• Nathan Haas was a very happy camper after bagging a Tour of Oman stage win. (Getty)Source: Getty
Nathan Haas was close to tears after he won stage two and took the race lead of the Tour of Oman yesterday, screaming repeatedly in equal joy and relief as he crossed the line.
Sophie Smith

Cycling Central
15 Feb 2018 - 5:18 AM  UPDATED 15 Feb 2018 - 5:22 AM

A day after describing himself to Cycling Central as a perennial race bridesmaid, Haas beat Greg Van Avermaet (BMC Racing) and Alexey Lutsenko (Astana) in a 14-man bunch sprint to chalk his first victory in more than a year and new team Katusha-Alpecin's first of the season.

Cooled down Haas warms up again in Oman
Nathan Haas has revealed he ground to a halt following an especially hot Tour Down Under last month where he suffered from heat stress that had long-lingering side effects.

"I don't want to look too silly with tears but I have to tell you, I have been working on a win for a while. I said I'm always the bridesmaid, so today I put on the wedding dress," Haas said as he rested on a street curb just past the finish in Al Bustan, Muscat.

The 28-year-old had a tough Australian summer campaign, struggling in intense heat at the Tour Down Under, which had lingering effects and compounded on growing frustrations over results.

Haas has consistently been in the mix but not on the mark in recent years, and, from what he has said in Oman, his own worst critic to a point of detriment.

"I put a lot of pressure on myself and maybe it's a bit unrealistic at times. I'm always just hungry and sometimes when you don't get the feed of a win, and you keep coming so close for a few years, you just end up getting frustrated," he said.

"I know that's not the right thing because it's bike racing, it's not a game of soccer where one team wins and the other team loses. There's 200 dudes you have to beat so today, to beat Van Avermaet like that, it's been what I've been chasing for ages."

Haas, who last won a race with former team Dimension Data at the 2016 Vuelta a Burgos, has been working with sports psychologist, David Spindler, who has helped the Australian manage the weight of his own expectation.

"I felt like I had a really good mental build-up to Down Under as well and when that fell apart so did I, which I shouldn't. It's not very cool and it's not very pro to do that but I really had a hard time. He, my partner and my team really put me back together, so it's a good moment," Haas said.

"I just had so much anger and frustration building up that it's not a healthy thing to have. Only the last few weeks I learned to relax it again, and I really just wanted to put that anger and frustration into the moment that I had to go. Once I kicked I wasn't letting anyone win."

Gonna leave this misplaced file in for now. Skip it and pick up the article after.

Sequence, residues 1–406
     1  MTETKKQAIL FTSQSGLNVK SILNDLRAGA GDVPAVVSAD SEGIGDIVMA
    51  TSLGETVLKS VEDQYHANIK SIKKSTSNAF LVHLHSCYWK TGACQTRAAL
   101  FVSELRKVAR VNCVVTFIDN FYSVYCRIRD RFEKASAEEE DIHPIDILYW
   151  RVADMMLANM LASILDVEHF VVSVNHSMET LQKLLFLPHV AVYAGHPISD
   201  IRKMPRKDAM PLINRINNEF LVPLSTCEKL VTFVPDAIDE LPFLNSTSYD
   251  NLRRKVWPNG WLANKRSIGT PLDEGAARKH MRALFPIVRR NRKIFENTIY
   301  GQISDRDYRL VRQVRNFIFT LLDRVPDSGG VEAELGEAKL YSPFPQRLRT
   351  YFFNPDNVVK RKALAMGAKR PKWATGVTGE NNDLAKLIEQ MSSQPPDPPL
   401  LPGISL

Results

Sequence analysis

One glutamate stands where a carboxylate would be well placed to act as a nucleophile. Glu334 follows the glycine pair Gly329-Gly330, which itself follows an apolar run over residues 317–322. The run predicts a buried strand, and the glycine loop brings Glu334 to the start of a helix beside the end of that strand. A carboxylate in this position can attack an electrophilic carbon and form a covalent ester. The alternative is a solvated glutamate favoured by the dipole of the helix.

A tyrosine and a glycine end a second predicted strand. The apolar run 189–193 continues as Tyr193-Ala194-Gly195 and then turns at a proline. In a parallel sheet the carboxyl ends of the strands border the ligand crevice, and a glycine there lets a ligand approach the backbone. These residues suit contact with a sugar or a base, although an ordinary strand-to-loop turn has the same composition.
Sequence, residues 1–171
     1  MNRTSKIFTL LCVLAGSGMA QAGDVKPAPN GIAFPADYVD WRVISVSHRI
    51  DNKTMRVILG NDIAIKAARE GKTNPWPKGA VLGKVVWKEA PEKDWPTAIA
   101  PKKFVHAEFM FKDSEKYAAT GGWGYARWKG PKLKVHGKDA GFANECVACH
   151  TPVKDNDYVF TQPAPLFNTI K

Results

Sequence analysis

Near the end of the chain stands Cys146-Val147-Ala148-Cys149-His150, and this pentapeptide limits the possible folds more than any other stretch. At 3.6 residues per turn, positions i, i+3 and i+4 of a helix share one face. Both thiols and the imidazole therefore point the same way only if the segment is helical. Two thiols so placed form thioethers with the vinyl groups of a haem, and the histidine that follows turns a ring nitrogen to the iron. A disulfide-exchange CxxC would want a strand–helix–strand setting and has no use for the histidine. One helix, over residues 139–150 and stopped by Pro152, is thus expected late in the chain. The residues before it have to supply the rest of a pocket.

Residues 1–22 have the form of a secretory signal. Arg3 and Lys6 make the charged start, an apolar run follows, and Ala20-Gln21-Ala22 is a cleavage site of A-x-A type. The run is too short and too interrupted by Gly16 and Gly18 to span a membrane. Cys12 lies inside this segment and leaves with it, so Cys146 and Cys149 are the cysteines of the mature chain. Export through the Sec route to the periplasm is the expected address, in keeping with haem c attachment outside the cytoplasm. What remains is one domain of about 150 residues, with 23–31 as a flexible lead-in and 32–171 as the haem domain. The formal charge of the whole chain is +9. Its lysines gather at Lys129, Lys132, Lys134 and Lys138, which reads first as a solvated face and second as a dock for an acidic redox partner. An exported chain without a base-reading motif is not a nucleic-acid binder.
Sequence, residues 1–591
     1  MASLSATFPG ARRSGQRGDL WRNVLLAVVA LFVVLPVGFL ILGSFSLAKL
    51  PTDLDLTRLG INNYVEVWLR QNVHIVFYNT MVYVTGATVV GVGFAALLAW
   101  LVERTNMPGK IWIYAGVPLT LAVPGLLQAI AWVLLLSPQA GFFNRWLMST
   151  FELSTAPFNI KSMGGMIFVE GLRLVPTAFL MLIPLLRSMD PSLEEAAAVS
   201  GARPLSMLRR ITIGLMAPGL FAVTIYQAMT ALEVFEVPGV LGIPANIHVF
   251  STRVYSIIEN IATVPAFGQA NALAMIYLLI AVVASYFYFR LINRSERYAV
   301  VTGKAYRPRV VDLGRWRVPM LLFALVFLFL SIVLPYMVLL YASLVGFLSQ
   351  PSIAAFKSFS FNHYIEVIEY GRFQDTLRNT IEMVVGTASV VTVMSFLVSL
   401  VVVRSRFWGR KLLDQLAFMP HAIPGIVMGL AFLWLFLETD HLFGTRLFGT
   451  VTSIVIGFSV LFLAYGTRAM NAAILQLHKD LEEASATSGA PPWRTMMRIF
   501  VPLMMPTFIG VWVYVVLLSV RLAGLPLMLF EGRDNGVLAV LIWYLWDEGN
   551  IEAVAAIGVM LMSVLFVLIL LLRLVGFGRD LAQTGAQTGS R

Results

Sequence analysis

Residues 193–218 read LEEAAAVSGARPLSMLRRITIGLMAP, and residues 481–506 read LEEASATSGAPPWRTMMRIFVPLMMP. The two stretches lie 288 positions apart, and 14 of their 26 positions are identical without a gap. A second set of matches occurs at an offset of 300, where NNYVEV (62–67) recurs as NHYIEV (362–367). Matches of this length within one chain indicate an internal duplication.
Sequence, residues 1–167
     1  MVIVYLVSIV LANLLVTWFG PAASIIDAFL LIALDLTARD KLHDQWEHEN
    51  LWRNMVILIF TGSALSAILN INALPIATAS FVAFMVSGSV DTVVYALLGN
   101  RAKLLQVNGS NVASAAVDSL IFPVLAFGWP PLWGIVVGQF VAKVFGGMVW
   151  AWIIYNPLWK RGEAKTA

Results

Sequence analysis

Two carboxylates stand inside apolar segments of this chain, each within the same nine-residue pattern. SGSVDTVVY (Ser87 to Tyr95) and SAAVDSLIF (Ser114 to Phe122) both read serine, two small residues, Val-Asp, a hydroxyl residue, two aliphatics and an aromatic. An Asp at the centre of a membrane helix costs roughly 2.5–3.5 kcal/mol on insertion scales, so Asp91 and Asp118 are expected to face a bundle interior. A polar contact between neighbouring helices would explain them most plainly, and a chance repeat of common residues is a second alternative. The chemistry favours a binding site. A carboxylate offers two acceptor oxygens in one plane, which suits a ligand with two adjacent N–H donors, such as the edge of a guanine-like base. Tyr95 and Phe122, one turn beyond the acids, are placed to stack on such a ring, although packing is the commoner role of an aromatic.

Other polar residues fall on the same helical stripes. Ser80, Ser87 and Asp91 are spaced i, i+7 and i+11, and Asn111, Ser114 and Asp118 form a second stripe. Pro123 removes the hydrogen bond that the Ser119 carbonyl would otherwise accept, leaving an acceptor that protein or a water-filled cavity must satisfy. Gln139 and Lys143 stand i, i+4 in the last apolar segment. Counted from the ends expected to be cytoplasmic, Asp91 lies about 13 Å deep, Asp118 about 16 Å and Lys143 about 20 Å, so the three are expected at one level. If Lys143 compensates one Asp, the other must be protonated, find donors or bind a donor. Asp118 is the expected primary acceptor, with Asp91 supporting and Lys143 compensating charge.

Haas responded to attacks from Trek-Segafredo, BMC, Quick-Step and Astana on the final, race defining climb of the 167.5km stage from Sultan Qaboos University to Al Bustan.

He studied old footage of retired professional Fabian Cancellara, who has previously won here, as preparation for the finish where Haas also credited new teammates.

"Lutsenko took Van Avermaet's wheel, which is always the favourite but he always goes so long. I knew that from watching the footage of Cancellara sprint here, he waited and went on the right and it's actually a shorter line. I actually used my head before my legs got to kick in," Haas said.

"Definitely today the delivery from my team was just incredible. They have a maturity to racing where you can be patient and calm.

"When that attack of eight guys goes up the road, I didn't feel like I had to jump in it for the first time in my life because I know I have a team that can fix anything.

"To finish off like that, of course, I have to have done the work and training but you can actually use your power at the right time when you've got a team that looks after you perfect."

Haas has a four-second advantage on Van Avermaet in the overall standings ahead of the 179.5km third stage from the German University of Technology to Wadi Dayqah Dam today.

The general classification is likely to be decided on the queen stage to Green Mountain, and Haas, now buoyed by success, has not ruled out a shot at the overall podium.

"I was [ninth - ed.] on Green Mountain last year and I think I'm climbing a little bit better than I was then, I'm a little bit lighter and my bike is awesome. I'm going to fight until the end, whether or not I can hold the red or maybe even get on the podium. It's cycling, you can do pretty special things when you're in front."